"We are not witches!" the Guttersnipe protested, as though she had not heard the Merlin's truth. Master Lucius turned his head away, unable to look at the stark, blood-drained horror on the girl's face.

"Hold fast, Guttersnipe," her Lord Ambrosius said. "There is not much we can do but pray. It may be that our hour in Britain is coming to an end, and God has given the White Isle over to darkness at last. But I hope not - I pray not. We are in the twilight, and all we can do is keep the beacons burning for as long as we stand."

"But it is hard," Caleb said gently, "when our own fires burn us."

Lord Ambrosius nodded wordlessly.

Lys: Guardian

Aithne gave him a playful shove. "Cheeky! You're impossible. I've always said so."

He nodded, mock-soberly. "I know. I've heard it enough times..." Then, as something of a gesture of peace, he supposed, she leaned close, laying her head on his shoulder. "But as impossible as you are, I'm glad you're here."

She breathed one of those contented sighs he'd come to know and love in the past week. It was as though she'd been on alert constantly, never sleeping, for who knew how long, and now that he had arrived, she was allowing herself to rest and relax. She had gone so far as falling asleep in his arms more than once of late. He doubted even she had known how tired she was. Shifting, he pulled her into his lap, where she curled like a kitten in his arms- right down to the soft, quiet purring.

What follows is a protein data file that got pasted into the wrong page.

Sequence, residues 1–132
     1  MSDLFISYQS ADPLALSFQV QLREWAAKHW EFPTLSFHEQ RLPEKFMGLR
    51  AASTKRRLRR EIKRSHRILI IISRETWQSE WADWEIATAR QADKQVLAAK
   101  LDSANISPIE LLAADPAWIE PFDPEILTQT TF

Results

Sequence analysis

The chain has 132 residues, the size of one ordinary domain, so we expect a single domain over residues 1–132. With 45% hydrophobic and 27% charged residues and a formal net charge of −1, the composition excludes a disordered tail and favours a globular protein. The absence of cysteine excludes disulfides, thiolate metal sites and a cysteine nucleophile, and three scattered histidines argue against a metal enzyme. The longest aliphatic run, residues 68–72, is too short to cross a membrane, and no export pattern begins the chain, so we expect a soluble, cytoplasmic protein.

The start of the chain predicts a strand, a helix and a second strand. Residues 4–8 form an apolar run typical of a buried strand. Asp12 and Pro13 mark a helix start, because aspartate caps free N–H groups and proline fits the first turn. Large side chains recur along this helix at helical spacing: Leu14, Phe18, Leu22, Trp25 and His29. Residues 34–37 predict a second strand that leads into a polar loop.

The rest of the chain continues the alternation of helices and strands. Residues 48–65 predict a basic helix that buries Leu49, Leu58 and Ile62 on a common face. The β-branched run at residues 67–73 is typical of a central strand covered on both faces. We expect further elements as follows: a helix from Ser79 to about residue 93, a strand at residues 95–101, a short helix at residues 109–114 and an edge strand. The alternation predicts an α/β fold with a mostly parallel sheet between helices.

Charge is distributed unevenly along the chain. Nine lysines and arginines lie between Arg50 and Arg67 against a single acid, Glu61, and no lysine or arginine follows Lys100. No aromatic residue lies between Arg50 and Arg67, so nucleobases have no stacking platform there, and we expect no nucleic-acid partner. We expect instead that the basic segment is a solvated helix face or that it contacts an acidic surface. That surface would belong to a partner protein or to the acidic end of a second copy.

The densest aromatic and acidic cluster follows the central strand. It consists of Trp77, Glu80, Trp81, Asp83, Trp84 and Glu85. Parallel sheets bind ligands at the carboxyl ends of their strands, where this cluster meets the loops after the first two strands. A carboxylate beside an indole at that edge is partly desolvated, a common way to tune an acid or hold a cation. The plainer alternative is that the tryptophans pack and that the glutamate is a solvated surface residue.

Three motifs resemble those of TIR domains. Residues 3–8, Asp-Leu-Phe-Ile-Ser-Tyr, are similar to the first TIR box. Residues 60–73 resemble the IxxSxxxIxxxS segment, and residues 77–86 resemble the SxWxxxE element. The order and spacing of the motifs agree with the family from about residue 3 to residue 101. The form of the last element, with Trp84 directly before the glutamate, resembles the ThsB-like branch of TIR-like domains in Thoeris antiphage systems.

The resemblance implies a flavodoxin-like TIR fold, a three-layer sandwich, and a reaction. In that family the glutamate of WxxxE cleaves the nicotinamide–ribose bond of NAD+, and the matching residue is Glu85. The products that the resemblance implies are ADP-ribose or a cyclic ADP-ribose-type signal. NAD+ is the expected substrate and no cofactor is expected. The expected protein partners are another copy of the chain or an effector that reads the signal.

I'll watch your back, Aithne. Though you have nothing to fear here, I'll keep watch.

Suddenly she twitched, drawing him out of his thoughts quickly. Alarmed, he looked to Cu, who had followed his mistress inside. But the dog was lying down at their feet, a picture of peacefulness. He breathed a sigh of relief and kissed the top of her head. She was drifting off already- he could feel her becoming more heavy in his lap. But there was a cozy feeling in having her there, and he counted the pins-and-needles legs he would have later as a small price to pay.

I'm keeping watch.

Jenny: True and Tarnished Gold

The Guttersnipe turned from Cathair as a figure broke off from the thick shadows in the vestibule, shutting the door in the wake of a chilly draught. "Ah, there she is," she said lightly, and returned to the plants in her hands, listening in the back of her mind to the quiet discourse between Domitia and her Irish bull. Overhead, Jason was explaining chainmail-work to Artos, who listened intently, fingers itching for a bit of work; next to her, Caleb let the notes of his harp fall idly into the warm stillness of the room, each string dropping a warm golden orb of sound into her ears so that with his meandering, pathless music, she felt dressed as Gwenhywfar in queenly jewels: idle, soft, each note perfect and self-sufficient. She listened to the music as one on the outside, knowing that the music existed all on its own apart from her inclining ear. So soft, so golden, so perfect. The golden droplets mingled with the blue flowers in her hands, and she Saw. She Saw as idly as Caleb played, as gently and as peacefully, yet with that poignant, enigmatic feeling of sorrow - a sorrow as of loss.